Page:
OF NATURAL LIFE SUPPORTING SYSTEMS
    TO CONTINUE AND FLOURISH
    I declare a commitment to respect First Nations culture and lore, and to protect nature’s inherent right to exist, thrive, evolve and continue.
    I acknowledge the laws and lore that governed the First Nations Peoples on this land for millennia. Their laws and lore tell us our world today is the result and remnant of our combined human and natural history, and that our future will depend on, and will be consequential to, our personal behaviours and the state of our world today.
    I commit to working with all peoples within the life supporting systems of nature for a shared continuing future on Earth.
    I commit to:
    Work in a spirit of reciprocity and respect for all peoples, other living species and the non-living elements within which we all have evolved; to maintain a dignified, appropriately balanced stance toward all living and non-living things.
    Understanding The Earth, water, gravity, thermal dynamics and the biosphere support all of known life, natural systems and elements that support life.
    Create agreements, protocols, practices and projects that enable us all to live within our bioregion’s ecological and life supporting limits, and therefore, to never engage in activities or industries that would threaten the short or long-term viability of life supporting systems and ecosystems in our bioregion.
    To recognise that all life on Earth is interconnected and dependent on water to exist, and therefore I will protect all naturally occurring water dependant ecosystems and the living things that depend on and live within or because of those systems.
    To not allow industrial or extractive forces to undertake activities and works that would harm or endanger natural ecosystems or endangered or at-risk species within them, or that may inhibit their rights to flourish and continue into the future.
    Support activities and community actions to make laws and legislatures that will protect the rights of natural systems and the rights under human law, those animals and biota carried within those systems as a matter of fundamental rightness and truth. And therefor do those appropriate things to stop the opposite of this, or the maltreatment of or abuse of natural systems and the living things within them.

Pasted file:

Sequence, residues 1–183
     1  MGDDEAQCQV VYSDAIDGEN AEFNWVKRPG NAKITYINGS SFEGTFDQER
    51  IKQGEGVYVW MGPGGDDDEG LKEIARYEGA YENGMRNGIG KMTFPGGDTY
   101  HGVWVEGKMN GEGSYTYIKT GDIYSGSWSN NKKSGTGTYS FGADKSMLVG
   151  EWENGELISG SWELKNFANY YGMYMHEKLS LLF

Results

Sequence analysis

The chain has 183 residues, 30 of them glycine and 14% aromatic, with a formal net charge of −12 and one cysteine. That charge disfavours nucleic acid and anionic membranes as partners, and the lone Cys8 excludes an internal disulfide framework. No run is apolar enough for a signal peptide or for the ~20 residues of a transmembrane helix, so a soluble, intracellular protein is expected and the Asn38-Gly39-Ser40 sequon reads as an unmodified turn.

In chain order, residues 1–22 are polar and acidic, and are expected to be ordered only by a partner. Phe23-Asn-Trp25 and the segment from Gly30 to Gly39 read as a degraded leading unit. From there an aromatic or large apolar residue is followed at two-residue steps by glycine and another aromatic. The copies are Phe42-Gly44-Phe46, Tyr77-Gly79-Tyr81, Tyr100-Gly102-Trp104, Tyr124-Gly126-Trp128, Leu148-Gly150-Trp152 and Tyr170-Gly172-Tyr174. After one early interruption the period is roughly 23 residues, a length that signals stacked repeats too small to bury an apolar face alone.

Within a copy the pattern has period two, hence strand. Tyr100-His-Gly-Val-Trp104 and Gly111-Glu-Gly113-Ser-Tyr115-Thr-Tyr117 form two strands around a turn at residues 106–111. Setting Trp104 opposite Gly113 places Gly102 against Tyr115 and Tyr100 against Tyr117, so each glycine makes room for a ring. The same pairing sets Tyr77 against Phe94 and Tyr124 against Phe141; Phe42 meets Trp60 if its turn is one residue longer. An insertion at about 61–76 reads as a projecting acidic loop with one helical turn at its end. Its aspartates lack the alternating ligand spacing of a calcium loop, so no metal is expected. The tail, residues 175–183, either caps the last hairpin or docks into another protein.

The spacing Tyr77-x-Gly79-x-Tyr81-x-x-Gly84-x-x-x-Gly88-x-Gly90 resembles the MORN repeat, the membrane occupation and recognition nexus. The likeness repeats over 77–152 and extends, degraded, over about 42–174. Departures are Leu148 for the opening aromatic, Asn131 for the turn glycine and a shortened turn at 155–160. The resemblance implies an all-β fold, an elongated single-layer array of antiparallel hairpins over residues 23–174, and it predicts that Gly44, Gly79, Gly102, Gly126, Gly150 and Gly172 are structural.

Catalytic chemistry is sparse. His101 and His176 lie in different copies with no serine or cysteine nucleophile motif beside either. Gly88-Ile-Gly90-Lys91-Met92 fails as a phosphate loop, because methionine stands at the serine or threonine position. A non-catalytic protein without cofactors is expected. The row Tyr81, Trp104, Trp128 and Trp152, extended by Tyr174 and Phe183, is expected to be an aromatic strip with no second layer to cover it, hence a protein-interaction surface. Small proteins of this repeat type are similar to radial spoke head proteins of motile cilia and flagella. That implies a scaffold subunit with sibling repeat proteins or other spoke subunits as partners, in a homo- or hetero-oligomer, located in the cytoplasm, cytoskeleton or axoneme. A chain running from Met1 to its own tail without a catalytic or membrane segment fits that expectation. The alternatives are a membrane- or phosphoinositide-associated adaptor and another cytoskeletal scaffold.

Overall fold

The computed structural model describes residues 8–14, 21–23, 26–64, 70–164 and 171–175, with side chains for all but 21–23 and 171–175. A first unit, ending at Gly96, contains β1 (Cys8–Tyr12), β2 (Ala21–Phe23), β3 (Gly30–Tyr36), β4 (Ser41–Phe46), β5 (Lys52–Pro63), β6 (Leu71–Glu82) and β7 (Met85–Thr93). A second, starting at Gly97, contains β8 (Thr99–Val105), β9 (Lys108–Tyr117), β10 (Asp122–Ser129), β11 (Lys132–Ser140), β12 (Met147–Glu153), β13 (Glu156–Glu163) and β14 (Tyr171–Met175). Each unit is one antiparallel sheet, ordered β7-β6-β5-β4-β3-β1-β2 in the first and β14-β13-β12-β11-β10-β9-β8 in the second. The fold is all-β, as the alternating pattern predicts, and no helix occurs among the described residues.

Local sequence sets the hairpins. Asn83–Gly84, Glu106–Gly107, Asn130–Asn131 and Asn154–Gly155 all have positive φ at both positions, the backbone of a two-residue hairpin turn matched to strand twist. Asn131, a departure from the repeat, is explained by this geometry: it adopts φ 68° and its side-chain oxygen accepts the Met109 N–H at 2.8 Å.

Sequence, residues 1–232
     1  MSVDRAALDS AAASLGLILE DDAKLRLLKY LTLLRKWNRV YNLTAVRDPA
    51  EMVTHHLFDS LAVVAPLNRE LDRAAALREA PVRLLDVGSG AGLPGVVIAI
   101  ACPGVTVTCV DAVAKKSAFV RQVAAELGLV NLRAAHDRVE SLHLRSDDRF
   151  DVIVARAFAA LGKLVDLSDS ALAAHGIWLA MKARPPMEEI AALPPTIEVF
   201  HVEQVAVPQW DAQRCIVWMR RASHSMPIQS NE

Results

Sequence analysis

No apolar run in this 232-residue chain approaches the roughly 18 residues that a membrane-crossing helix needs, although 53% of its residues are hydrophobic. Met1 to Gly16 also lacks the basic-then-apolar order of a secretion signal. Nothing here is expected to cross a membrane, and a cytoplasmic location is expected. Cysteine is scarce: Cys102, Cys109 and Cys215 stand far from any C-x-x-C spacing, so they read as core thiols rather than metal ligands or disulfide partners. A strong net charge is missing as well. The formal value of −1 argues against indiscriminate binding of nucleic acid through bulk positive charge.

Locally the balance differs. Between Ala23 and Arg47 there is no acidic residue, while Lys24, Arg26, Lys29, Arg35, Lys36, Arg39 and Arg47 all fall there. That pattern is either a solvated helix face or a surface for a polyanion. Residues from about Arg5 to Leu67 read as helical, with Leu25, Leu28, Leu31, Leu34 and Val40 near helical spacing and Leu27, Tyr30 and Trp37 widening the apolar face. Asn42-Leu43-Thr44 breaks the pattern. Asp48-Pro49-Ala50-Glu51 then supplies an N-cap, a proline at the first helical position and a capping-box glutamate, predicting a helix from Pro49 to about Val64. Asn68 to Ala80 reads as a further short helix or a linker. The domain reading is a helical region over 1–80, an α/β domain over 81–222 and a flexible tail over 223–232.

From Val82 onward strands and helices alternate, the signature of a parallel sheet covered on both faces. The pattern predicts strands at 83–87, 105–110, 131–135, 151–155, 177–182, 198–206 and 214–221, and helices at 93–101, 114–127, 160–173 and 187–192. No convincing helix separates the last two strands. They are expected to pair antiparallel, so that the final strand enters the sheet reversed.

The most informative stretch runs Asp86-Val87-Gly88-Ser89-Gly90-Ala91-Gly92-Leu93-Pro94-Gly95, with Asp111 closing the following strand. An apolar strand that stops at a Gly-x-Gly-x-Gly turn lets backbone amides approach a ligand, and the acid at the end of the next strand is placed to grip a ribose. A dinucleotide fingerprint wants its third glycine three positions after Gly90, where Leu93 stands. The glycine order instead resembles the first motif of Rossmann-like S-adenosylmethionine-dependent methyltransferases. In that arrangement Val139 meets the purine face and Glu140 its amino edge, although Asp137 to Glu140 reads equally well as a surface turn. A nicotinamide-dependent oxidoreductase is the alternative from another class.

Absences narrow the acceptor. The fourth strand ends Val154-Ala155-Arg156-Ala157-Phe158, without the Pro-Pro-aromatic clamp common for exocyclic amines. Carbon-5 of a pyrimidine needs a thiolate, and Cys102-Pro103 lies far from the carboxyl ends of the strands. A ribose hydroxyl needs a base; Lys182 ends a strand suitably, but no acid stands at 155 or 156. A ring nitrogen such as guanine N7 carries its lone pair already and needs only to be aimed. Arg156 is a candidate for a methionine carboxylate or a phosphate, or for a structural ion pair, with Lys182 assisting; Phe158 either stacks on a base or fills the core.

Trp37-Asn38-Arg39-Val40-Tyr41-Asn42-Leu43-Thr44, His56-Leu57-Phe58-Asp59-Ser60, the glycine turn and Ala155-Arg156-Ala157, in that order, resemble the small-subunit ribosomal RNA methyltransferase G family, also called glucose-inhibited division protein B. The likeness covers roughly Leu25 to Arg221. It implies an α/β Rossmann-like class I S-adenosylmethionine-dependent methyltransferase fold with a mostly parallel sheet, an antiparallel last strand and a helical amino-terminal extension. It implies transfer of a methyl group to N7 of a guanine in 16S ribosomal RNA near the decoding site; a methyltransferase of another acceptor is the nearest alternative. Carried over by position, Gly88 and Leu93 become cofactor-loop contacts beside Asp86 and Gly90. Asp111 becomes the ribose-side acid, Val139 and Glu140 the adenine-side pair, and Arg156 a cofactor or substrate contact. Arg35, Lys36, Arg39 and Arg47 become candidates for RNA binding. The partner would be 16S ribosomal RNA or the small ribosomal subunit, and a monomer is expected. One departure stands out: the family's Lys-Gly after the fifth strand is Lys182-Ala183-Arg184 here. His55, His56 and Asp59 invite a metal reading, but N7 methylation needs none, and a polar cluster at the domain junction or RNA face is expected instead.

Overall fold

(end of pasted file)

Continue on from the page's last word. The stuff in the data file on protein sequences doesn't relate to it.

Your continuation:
Understand that deleterious impacts of industrial processes over the past centuries have compromised the Earth’s biosphere and the life supporting systems within it, and therefore commit to do those reasonable things to regenerate and assist natural life supporting systems to re-balance and foster self-repair. I do these things as an individual, and as part of a community working together to stand up for and protect the balanced and good health of the land, sea and air and to protect the natural and legal rights of natural systems to exist, thrive, and evolve; thus enhancing all people’s options and chances at a joyful and sustainable future on Planet Earth.

    August 25, 2020
    Mark Merritt – [email protected]

  • Elizabeth Scott says:

    Hi, It Lizzy Scott here. I teach lots of music in town but my shared passion is the environment. I have been considering how we could upgrade our community whilst we are staying low. I would like to move towards ridding our paddocks of Fire Weed. It is a rotten weed and competes with native grasses and causes a loss of productive feed areas for stock.
    This problem is compounding and our land in Bellingen and wider community is beginning to look like Kempsey paddocks, 8 yrs ago.
    If we can’t have Fine Music Festivals, we could have a a Fire Weed Eradication Festival occuring over a Month of weekends when the weed has emerged next year but not in flower- May of June??
    It could be advertised early in the year and feed bags collected in the ready. Organisation of working groups would be necessary.
    This could involve farmers, Job seekers, school children, Grey Nomads, Greenies and even those with sunburned necks!!!
    I can see a great community lift in spirit and this ‘festival’ would need to occur yearly until we beat it!

  • Hi Lizzy. I have just come across this comment.
    Dense infestations of fireweed are a consequence of degraded lands. There are no dense infestations of fireweed in healthy organic rich soils. Fireweed thrives in compacted, acidified and low organic matter content soils. This is mostly a consequence of grazing regimes that compact soil and remove organic matter content from the landscape, which then synergises with our high rainfall to leach soils and cause them to become acid.

    Management of fireweed is about reduction or control of grazing pressure, improvements in soil organic matter content and structure and reductions in acid soil…

    At the shire scale fireweed is not a problem for our life support systems. Many other weeds (eg. Madeira vine) are much more harmful to our life support systems – they are “environmental cancer”, whereas fireweed is just a report card about grazing management practices and essentially limited to paddocks…

    Happy to discuss and to provide advice, evidence and local examples of such matters.
    Best wishes Mark 0424498033